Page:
Committee narrows Elmwood options
WHERE: Elmwood Avenue beachfront right of way
WHAT: Future options for the property
DECISION MAKERS: Wilmette village trustees
Updated: October 21, 2012 1:17PM
WILMETTE | The municipal services committee on Wednesday narrowed to three the options they’ll explore for the Elmwood Avenue beachfront property; vacate it, make it a passive nature preserve, or make it a Gillson Park-style controlled beach, possibly with park district cooperation.
Village Engineer Brigitte Mayerhofer must now judge each option in terms of potential capital and operating costs, public benefit, and each option’s effect on trees, wildlife, traffic and the surrounding neighborhood. Once she delivers her report, the committee will try to choose one option to recommend to the full village board.
Committee head Cameron Krueger said after the meeting that he hoped Mayerhofer’s work would be done by the end of the fall, so that trustees can make a final decision sometime this winter. He also said the issue shouldn’t have to stretch into next year’s municipal election season, or be left for a new board to deal with.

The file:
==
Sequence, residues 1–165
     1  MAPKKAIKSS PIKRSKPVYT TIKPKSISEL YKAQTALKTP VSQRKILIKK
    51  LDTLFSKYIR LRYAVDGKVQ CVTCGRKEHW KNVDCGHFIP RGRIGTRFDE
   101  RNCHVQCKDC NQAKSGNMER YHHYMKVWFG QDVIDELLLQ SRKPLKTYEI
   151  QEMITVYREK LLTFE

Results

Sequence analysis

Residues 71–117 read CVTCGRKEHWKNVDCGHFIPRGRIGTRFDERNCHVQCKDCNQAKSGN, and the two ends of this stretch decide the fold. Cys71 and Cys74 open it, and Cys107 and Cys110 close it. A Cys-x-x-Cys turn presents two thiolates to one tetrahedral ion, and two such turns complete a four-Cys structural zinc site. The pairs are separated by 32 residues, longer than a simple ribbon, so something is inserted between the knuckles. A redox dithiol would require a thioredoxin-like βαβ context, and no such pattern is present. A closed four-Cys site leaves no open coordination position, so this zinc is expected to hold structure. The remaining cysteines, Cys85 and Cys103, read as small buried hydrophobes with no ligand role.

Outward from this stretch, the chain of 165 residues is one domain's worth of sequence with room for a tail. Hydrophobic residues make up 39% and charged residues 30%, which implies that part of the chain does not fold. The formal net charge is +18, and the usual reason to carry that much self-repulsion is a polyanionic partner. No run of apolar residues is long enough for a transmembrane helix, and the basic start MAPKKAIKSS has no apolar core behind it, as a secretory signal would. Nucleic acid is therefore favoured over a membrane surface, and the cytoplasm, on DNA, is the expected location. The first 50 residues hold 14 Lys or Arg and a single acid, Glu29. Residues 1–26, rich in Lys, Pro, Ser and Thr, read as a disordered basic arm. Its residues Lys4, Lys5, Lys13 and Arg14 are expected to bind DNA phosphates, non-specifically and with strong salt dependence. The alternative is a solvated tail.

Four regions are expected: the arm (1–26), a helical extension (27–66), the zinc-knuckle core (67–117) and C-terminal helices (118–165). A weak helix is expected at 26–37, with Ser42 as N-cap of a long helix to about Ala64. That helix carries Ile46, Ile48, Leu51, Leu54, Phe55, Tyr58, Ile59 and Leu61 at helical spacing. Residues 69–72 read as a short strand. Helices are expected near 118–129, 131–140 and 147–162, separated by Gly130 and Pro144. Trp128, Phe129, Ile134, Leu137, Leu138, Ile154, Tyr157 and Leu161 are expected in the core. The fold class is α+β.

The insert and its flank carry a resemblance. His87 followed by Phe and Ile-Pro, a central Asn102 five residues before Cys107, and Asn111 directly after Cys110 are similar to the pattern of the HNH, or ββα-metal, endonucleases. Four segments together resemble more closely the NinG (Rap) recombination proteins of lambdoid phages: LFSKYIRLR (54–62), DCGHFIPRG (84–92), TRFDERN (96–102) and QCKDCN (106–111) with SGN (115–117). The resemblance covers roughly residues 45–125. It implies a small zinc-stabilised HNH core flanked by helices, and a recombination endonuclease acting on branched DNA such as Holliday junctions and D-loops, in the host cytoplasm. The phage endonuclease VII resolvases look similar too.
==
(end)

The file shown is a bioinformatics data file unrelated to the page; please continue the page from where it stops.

About 50 village residents attended Wednesday, and 20 of them spoke, largely in support of keeping the 80-foot right of way public in some fashion. Some wanted the village to maintain generally unfettered public access from both the beach and the street, but many backed some sort of street-side restriction, perhaps seasonal.
A few residents, some of whom lived in the small Michigan Avenue neighborhood near the property, opposed keeping the land open, saying that led to problems of traffic, vandalism and trespassing on private property.
Krueger and committee members Julie Wolf and Alan Swanson suggested vacating the property to neighboring homeowners on Michigan Avenue was the least likely to get their eventual nod. All three favored some sort of passive use for the land, preferably in a fashion that would restore native flora and possibly act as a migratory bird sanctuary.
It was the second time committee members looked at options for the Elmwood property, which has been the subject of intense public interest since early 2011 when its status as public land first became widely noticed.
An Aug. 7 committee meeting attracted more than two-dozen Wilmette residents, many of whom championed the use of what they called a unique piece of Wilmette lakefront.